An ice field known for harboring an infamous Martian meteorite turned out to contain the oldest air on Earth.
On December 27, 1984, a meteorite was found in the ice field near Allan Hills, a rocky outcrop that protrudes from the blue ice in Victoria Land, East Antarctica. Cosmo-chemical analyses back in the lab revealed a Martian origin. Years later, this meteorite, known as ALH84001, gained popularity as an article published in the journal Science reported structures in the rock and interpreted them as fossilized lifeforms, which, if true, would be the first definitive sign of extraterrestrial life.
A media storm ensued, followed by a televised statement by then-President Bill Clinton. The scientific community never fully accepted the claim, however. One concern was the contamination by terrestrial materials. Another is the speculative nature of morphology-based inferences and the lack of more conclusive evidence. The proponents of the extraterrestrial-life hypothesis did not back down. The original paper from 1996 has been cited more than 2,000 times, and to this day, research into ALH84001 is still ongoing. In light of the media attention it receives, ALH84001 is arguably the most well-known meteorite of any kind.
Decades later, another discovery from Allan Hills made headlines as a team of scientists found air trapped in the ice buried near Allan Hills that could be up to 2.7 million years old. Yet, according to the paper published on journal Nature in 2019, it appears that the chemical composition of certain pockets of air had been modified by microbial activities, resulting in elevated concentrations of carbon dioxide and a 50 percent depletion of molecular oxygen. Thus, the oldest “pristine” air without any biological perturbation is more likely to be 2 million years old. While the new record was pushed back by some 700,000 years, it still more than doubled the previous “oldest air” record of approximately 800,000 years.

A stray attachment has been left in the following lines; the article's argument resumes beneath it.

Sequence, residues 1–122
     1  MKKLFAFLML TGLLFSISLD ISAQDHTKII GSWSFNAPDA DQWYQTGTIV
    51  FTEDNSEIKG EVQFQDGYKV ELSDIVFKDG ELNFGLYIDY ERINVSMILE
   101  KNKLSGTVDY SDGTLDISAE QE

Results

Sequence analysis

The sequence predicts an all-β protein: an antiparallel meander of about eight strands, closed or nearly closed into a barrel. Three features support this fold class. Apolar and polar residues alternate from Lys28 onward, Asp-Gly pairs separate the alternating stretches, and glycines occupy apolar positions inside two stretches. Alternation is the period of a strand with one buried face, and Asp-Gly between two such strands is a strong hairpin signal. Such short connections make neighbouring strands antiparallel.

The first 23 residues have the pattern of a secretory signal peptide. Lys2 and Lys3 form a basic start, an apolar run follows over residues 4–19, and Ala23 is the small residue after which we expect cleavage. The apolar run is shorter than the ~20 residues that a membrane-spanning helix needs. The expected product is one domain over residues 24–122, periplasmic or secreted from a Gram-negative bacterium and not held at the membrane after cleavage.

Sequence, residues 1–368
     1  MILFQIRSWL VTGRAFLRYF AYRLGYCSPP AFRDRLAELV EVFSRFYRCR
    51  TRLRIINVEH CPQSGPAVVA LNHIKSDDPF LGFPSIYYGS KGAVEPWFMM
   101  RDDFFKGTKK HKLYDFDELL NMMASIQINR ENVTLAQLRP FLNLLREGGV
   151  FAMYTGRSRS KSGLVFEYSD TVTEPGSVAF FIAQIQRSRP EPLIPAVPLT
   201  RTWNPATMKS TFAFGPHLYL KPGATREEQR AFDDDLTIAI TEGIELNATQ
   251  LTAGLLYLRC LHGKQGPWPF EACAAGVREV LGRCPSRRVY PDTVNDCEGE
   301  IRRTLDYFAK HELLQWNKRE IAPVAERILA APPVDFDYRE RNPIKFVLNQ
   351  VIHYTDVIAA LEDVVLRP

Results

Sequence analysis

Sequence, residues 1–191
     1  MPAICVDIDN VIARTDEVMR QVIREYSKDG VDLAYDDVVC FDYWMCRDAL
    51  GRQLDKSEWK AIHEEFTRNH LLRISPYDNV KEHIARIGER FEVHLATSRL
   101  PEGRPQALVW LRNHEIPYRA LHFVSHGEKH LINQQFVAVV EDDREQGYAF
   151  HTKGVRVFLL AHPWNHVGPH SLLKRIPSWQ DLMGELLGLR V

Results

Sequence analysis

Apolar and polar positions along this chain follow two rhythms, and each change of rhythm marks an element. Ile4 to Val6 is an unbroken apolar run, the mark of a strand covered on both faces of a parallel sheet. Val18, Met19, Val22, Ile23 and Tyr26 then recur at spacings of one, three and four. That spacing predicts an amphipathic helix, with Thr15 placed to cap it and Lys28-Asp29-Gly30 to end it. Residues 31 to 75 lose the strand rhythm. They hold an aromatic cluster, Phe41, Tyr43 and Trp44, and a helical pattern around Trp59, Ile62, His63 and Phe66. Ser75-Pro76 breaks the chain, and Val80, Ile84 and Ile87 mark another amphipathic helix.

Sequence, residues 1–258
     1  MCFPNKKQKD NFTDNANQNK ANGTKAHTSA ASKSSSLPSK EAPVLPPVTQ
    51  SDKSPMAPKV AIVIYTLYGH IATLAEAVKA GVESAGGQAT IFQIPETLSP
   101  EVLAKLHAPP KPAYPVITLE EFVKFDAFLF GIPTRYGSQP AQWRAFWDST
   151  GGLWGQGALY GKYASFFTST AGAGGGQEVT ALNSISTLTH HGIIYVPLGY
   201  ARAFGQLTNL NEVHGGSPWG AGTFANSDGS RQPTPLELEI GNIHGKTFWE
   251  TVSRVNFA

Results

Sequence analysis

The composition of the 2-million-year-old air does not differ much from that of the air we breathe today, other than the air inside that ice having 30 percent less carbon dioxide than modern air. (This excess of carbon is due to man-made emissions from fossil fuel burning.) If one were able to breathe the trapped air, it would not be possible to tell the difference, at least in theory. According to the driller who drilled the ice in the field, the “drinks tasted so good with this old ice” although no scientific evidence has been provided in support of this claim.
The presence of meteorites and very old ice near Allan Hills is linked to the same glaciological principle. Near Allan Hills, ice flows along with a rising bedrock topography towards the surface, where ferocious katabatic winds (winds produced by the flow of cold dense air down a slope under the force of gravity) blow the ice away through ablation, leaving the meteorites trapped in the ice behind. This dynamic feature exhumes crystalline glacial ice that is otherwise buried deep in the ice sheets. However, where the 2-million-year-old ice was originally deposited remains unclear. All that is known is that the ice must be brought to Allan Hills from somewhere else. No one can predict the age limit of the oldest ice near Allan Hills or knows if even older ice would emerge in other places with similar glaciological features.
Know Before You Go
As every site in Antarctica, Allan Hills is difficult to access. The "easiest" approach by far is to submit a scientific proposal and (hopefully) get funded. If you do, you will likely head to McMurdo Station first to receive proper training before being transported to this remote field site by a fixed-wing aircraft. Alternatively, it may be possible to traverse over the ice to reach this location in a motorized convoy, but cautions must always be taken in Antarctica.
Follow us on Twitter to get the latest on the world's hidden wonders.
Like us on Facebook to get the latest on the world's hidden wonders.Follow us on Twitter Like us on Facebook